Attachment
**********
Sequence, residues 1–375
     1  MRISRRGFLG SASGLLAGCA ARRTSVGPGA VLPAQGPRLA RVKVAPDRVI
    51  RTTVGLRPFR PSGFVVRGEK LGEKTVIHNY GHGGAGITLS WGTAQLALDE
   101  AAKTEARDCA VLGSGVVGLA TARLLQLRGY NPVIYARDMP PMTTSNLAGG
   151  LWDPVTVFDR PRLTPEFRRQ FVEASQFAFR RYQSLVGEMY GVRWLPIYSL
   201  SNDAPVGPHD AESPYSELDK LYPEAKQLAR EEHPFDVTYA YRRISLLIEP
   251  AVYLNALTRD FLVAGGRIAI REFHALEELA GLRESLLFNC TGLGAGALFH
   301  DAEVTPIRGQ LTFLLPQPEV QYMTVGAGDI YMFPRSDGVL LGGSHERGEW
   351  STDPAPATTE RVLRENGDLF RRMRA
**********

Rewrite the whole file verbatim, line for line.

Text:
Sequence, residues 1–375
     1  MRISRRGFLG SASGLLAGCA ARRTSVGPGA VLPAQGPRLA RVKVAPDRVI
    51  RTTVGLRPFR PSGFVVRGEK LGEKTVIHNY GHGGAGITLS WGTAQLALDE
   101  AAKTEARDCA VLGSGVVGLA TARLLQLRGY NPVIYARDMP PMTTSNLAGG
   151  LWDPVTVFDR PRLTPEFRRQ FVEASQFAFR RYQSLVGEMY GVRWLPIYSL
   201  SNDAPVGPHD AESPYSELDK LYPEAKQLAR EEHPFDVTYA YRRISLLIEP
   251  AVYLNALTRD FLVAGGRIAI REFHALEELA GLRESLLFNC TGLGAGALFH
   301  DAEVTPIRGQ LTFLLPQPEV QYMTVGAGDI YMFPRSDGVL LGGSHERGEW
   351  STDPAPATTE RVLRENGDLF RRMRA